HAPTICA Artistic Research
Offering insight into the complexity of human haptic perception through following artistic researcher study how haptics can drive the aesthetic gestalt process.
Exploring ways to bridge touch pathways on our fingertips and through the hands with haptic experience of smell and taste pathways through our nose and mouth.
Expanding the field of embodied interaction by given attention to the our sense of smell and taste and how other senses interact with them.
Showing how the field of Artistic Research, could offer an academic base for the multidisciplinary field of haptics, because art and design can deal with pluralistic method development and uses the body as a key research tool.
The “Haptic attributes ” model, by Cheryl Akner Koler, shows nine haptic attributes explored by the hand. The model is a further development of the Lederman and Klatzky (1987) model.
Text from the article: Integrating Sensitizing Labs in an Educational Design Process for Haptic Interaction published 2016
Haptic aesthetic sensitivity refers to the immediate physical experience and emotional response from probing material textures, structures and shapes. It is about actively exploring properties through indirect experience with tools and directly with fingers, hands, lips and eventually the whole body. Figure 1 (page 4) shows the Fusion of the senses – haptic attributes, identifying nine haptic attributes related to the hand.
This new model shows eight attributes for the hand that combines Lederman and Klatzky’s (1987) six haptic explorative procedures with the added attributes of thickness, vibration and breeze. The aesthetic aspect of haptics involves our embodied and emotional awareness that links to our level of sensitivity. Being sensitive to a certain haptic property does not necessarily correlate with conscious embodied awareness or preference. For instance, if we are very sensitive to cold surfaces, this does not mean we have an aesthetic experience or prefer them. A common assumption in the aesthetic discourse is that an aesthetic experience is connected with “pleasure”. Haptic preferences are not only about seeking hedonic “pleasure”; they also deal with, as Grunwald (2008) shows, the entire spectrum of human haptic perception, including repulsion, irritation, pain etc.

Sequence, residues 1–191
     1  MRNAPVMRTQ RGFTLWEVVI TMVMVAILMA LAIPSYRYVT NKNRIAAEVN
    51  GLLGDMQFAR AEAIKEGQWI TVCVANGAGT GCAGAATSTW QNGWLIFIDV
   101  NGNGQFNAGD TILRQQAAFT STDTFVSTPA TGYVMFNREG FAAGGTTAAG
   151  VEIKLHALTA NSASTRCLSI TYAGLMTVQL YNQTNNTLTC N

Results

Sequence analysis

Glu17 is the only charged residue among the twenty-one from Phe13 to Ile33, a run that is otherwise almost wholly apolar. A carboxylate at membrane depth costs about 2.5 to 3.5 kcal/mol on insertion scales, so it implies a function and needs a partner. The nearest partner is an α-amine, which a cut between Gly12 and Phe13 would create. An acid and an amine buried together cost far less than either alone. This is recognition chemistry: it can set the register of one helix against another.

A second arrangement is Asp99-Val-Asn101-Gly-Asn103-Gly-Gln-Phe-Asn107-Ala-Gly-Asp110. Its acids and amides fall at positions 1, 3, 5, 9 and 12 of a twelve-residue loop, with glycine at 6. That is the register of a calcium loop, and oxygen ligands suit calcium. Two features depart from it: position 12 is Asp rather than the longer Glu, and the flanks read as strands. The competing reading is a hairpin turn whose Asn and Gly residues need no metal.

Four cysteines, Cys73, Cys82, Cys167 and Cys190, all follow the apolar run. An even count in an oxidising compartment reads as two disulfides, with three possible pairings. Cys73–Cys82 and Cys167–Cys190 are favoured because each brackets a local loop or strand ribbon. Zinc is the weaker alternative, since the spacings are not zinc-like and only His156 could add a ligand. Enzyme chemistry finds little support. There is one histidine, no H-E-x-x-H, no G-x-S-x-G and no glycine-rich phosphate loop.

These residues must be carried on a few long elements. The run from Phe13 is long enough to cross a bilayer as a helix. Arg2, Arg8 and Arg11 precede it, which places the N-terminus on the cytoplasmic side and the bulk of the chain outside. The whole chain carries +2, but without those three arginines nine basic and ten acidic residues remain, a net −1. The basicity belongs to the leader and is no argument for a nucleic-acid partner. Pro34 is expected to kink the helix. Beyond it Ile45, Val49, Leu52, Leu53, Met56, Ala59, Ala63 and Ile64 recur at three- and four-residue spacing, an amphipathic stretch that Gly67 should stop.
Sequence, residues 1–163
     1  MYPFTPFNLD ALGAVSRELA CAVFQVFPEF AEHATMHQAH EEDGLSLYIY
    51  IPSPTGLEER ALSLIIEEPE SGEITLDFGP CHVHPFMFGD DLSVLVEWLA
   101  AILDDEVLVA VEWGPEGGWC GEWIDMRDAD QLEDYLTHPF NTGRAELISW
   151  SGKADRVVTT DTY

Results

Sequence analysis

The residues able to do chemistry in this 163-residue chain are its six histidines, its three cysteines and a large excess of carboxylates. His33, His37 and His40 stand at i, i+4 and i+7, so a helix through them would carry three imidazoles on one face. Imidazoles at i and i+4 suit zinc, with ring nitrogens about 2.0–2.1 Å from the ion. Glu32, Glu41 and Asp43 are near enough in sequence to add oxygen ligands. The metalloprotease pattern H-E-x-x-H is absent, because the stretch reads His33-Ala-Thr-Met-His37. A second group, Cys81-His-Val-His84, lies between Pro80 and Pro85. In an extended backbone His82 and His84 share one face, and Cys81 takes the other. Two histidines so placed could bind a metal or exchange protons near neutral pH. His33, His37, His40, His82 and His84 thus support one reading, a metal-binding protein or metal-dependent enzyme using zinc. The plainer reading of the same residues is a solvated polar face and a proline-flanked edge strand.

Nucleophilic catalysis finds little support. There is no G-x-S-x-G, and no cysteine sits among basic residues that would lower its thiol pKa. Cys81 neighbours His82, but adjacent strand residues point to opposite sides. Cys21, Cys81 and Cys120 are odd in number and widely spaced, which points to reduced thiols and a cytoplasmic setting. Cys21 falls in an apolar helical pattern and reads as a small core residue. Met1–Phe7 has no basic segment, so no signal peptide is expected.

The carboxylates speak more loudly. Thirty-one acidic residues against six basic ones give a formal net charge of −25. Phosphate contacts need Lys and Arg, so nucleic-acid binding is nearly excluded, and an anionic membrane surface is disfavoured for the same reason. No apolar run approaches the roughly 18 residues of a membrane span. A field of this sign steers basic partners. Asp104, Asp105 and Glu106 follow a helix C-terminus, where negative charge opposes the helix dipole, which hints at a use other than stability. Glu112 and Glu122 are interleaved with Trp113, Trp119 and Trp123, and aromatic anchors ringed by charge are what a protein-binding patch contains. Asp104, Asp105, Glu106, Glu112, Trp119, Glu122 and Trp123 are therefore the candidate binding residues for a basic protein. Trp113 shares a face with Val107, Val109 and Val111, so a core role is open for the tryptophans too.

We maintain an open attitude and treat the idea of aesthetics as a driving force that captures our attention and engages us in the world through all human experiences.
About the symposiums
Background:On 8 May 1992, the Swedish Parliament gave its approval to the permanent setup of an academic training programme in the field, and they did so with the following statement: “The Department of Restaurant and Culinary Studies at Grythyttan is to be responsible for the aesthetic configuration of meals”. We would now like to honour and celebrate, on the eve of his 70th birthday, Carl Jan Granqvist, professor emeritus in the art of food at University of Stavanger and honorary doctor of philosophy at Örebro University. The School of Hospitality, Culinary Arts and Meal Science, Campus Grythyttan at Örebro University is therefore pleased to announce the Carl Jan Granqvist Jubilee Symposium on Thursday 17 March, as well as the 1st Granqvist Culinary Arts and Meal Science Symposium on Friday 18 March 2016